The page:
Prepared by TresVista
In June, we attended ACG’s 12th Annual Industrial Conference. Here are five of our top takeaways from Jonathan Cooper’s presentation on ‘Future of Middle-Market Manufacturing’
1. Transparency in the Middle-Market Industrials Environment: Companies in the middle-market industrials space are becoming more transparent in terms of operations and financial disclosures. A major catalyst driving greater transparency is the shift in corporate ownership. With private equity accounting for a growing share of such businesses in the US (as opposed to publicly listed companies), and with ESG considerations a major factor for LPs, PE firms are coming under increasing pressure to disclose how returns are being derived from operating companies. Then as competition for the same pool of capital increases, the balance of power with respect to reporting requirements is shifting from GPs to LPs, resulting in increased levels of transparency.
2. ESG Compliance: In the past, companies were shielded from adverse publicity due to the relative obscurity of the middle-market industries, or because most of these businesses were family-owned. However, with the growing participation of private equity in ownership, LPs require more transparency to ensure that activities that could potentially damage the reputation of the institution are avoided. This is bound to create pressure on the GPs as they would also have to account for reputational risk. Therefore, the responsibility of complying with ESG considerations, in terms of energy usage, carbon footprint, diversity, and other concerns, falls on the operating company.
3.Increasing Interest from Public Investors: The need for greater transparency is also set to increase due to rising interest from public investors. With passive investing taking prominence in the public markets, most active management is now taking place in the private markets with public investors increasingly vying for a piece of it. The SEC is also expected to make necessary accommodations to widen private equity and accept investments from the general public. When this happens, transparency will become even more important.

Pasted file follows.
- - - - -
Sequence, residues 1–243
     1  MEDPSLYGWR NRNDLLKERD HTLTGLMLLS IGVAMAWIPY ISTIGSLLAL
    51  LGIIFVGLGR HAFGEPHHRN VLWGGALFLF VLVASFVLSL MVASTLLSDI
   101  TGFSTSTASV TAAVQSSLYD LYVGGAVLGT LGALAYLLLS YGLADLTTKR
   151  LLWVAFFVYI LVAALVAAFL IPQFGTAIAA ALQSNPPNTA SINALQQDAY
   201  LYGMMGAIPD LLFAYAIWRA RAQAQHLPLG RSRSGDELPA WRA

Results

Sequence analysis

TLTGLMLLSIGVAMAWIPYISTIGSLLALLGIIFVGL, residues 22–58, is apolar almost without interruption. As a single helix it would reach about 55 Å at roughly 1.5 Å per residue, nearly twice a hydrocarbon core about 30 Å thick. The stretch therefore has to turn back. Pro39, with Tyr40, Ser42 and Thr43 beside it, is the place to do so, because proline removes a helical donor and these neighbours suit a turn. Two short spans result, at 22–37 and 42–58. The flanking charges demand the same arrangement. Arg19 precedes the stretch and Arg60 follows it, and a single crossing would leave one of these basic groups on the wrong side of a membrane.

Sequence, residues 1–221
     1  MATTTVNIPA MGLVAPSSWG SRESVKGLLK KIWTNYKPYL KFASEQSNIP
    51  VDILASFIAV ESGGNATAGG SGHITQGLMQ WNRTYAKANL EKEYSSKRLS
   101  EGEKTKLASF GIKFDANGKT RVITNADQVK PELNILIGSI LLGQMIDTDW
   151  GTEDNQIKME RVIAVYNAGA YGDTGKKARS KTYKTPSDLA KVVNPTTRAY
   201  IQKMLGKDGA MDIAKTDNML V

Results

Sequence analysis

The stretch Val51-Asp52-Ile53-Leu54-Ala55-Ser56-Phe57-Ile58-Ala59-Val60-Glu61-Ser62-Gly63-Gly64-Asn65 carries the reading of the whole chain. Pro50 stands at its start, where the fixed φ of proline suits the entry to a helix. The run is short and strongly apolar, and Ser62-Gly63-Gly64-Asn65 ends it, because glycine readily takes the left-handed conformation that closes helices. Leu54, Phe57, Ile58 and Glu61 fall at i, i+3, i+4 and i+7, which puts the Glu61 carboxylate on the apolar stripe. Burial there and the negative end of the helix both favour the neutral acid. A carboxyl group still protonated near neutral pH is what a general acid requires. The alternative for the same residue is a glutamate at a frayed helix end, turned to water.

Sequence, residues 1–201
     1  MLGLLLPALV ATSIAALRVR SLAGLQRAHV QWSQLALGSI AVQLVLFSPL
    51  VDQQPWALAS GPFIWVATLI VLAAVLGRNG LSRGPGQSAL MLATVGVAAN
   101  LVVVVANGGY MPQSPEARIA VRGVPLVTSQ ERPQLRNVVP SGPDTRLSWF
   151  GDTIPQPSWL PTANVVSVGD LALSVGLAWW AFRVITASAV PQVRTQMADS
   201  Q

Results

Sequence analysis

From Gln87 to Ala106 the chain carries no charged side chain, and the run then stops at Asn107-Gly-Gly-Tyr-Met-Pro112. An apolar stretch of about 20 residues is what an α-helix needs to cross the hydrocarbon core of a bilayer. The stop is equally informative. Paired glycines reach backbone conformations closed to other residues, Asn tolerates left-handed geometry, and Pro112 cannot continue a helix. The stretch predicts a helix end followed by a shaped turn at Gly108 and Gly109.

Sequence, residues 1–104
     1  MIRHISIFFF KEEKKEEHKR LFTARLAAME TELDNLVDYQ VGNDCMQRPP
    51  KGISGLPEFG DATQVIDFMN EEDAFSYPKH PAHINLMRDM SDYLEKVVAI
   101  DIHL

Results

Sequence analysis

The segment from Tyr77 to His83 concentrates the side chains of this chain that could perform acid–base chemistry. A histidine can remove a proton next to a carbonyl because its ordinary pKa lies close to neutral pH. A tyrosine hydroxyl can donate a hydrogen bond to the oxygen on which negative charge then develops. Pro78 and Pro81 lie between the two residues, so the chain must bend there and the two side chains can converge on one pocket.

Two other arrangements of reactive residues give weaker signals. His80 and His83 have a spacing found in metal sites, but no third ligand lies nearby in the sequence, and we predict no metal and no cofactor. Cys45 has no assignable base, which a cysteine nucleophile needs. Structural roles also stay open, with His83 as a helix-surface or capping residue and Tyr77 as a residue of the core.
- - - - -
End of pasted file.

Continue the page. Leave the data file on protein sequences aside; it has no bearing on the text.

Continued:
4. Shifts in the Supply Chain: The U.S., over the next few years, is expected to become less open to international relations, indicating several implications for middle-market manufacturing. For example, China has a prominent role in the U.S. middle-market manufacturing supply chain, and any change in tariffs could result in a reconfiguration of the supply chain. Overall, managing the supply chain is expected to become more challenging, with material costs, labor costs, and freight costs all expected to rise. In addition to this, procurement as an area of focus is rising in prominence. Optimal procurement can get new products to market faster, reduce working capital/inventory requirements. With the cost of associated technology decreasing, the attendant benefits are even more compelling.
5. Addressing Shortages in Skilled Labor: While experts debate that the advent of technology would lead to layoffs, middle-market manufacturers are currently facing an acute shortage of qualified workers. Addressing the mismatch in required versus actual skills will be key for middle-market manufacturers. In general, while automation displaces human effort from physically demanding jobs, the requirement for higher-value work remains, and so management should be committed to upskilling workers to carry out these higher-value tasks.